For boat owners, one of the year’s saddest days is their last on the water. Proper winterizing, however, can prevent further gloom when the season finally rolls around again. Many watercrafts suffer unnecessary and costly winter damage due to neglectful storage. We can help you protect your nautical investment and save you money with the advice below.
Inspect the exterior
Once your boat is on land, scrub the hull with soap & water, then scrape off any barnacles or plant life. Keep an eye out for any stress cracks or blisters in the body and repair them. If your hull is fiberglass, add a wax coat for cold-weather protection.
Treat the tank
A partially filled fuel tank can cause problems. Temperature shifts cause condensation, while old gas gums up the carburetor and fuel injectors. Manufacturers recommend either filling it to the top or draining it completely. Before doing either, though, they all suggest using a preventative fuel stabilizer to help prevent issues. Once you add the stabilizer, idle the engine for 15 minutes to evenly distribute it through the system.
Clean the engine
For outboard motors, flush the engine with fresh water to remove dirt and other impurities. With inboard and stern-drives, you’ll additionally want to do a final flushing with anti-freeze. Improperly drained engines leave residual water in the cooling chambers, that expands when it freezes—possibly cracking the manifolds or engine block.
Change the oil
Changing the oil & filter prevents potential moisture corrosion. Run the engine beforehand for faster and more efficient draining. Some owners will even change the oil while winterizing and do it again in the spring.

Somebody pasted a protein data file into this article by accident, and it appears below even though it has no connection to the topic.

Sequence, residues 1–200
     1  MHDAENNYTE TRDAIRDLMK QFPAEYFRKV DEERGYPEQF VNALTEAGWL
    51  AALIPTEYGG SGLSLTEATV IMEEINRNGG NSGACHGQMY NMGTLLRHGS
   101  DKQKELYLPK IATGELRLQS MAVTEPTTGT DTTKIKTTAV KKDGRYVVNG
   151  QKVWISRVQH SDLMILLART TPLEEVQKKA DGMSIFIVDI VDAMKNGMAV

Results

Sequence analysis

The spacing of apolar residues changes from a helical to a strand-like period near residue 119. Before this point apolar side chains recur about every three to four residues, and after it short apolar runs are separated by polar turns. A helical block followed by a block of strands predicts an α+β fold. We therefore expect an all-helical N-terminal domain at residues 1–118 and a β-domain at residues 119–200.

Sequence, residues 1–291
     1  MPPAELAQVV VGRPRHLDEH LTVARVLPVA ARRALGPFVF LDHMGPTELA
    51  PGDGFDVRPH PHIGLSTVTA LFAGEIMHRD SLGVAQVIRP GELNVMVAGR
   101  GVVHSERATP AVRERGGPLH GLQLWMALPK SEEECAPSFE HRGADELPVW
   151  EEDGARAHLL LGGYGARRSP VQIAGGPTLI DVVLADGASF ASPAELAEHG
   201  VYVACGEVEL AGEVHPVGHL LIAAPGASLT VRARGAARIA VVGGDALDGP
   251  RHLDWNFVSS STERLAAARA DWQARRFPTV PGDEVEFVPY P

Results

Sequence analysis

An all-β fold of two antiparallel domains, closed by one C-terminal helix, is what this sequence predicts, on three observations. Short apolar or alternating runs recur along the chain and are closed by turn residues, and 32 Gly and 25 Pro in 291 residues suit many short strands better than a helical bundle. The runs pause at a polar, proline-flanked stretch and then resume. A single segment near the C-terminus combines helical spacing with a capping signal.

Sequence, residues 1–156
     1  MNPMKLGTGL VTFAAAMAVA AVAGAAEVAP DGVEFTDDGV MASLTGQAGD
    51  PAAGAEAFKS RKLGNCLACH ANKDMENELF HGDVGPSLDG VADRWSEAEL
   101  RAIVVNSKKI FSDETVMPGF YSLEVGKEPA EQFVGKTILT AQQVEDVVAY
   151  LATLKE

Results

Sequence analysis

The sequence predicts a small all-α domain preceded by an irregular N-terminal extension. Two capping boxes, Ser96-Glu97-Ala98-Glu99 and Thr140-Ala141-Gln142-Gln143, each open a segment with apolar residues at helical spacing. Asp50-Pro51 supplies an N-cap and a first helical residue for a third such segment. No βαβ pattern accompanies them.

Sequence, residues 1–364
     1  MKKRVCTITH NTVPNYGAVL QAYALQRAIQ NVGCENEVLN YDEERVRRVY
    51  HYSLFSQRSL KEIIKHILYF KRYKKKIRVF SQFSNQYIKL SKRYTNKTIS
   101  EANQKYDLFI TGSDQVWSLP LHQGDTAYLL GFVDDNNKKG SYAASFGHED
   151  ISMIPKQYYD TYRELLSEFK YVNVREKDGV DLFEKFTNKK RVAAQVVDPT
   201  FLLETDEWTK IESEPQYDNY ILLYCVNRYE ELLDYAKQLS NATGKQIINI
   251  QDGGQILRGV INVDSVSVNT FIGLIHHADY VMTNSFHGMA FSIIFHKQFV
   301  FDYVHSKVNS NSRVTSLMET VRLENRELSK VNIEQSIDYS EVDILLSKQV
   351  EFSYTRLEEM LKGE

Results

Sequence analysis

Care for the cylinders
Fogging oil helps protect the interior during storage. If you don’t fog the cylinders, pistons and rings, rust and other decay occur. Many engines allow you to spray this solution into the air intake while it’s running, or you can remove the spark plugs and apply it there.
Keep it covered
Most people don’t have the luxury of a climate-controlled storage facility, but at the very least you should use a tarp or sturdy cover during colder months. It’s important to keep the interior of the boat as dry as possible to avoid mold or mildew. Covers with ventilation deter ice accumulation and allow for some airflow. You can additional buy sprays or dehumidifiers to pull excess moisture from the air.
Winterizing may seem like a lot of work, but when it’s done correctly, it will save you time and money when the time arrives to get your boat out on the lake again. And these tips are only the basics—please consult your owner’s manual for additional instructions and recommendations for specific makes and models.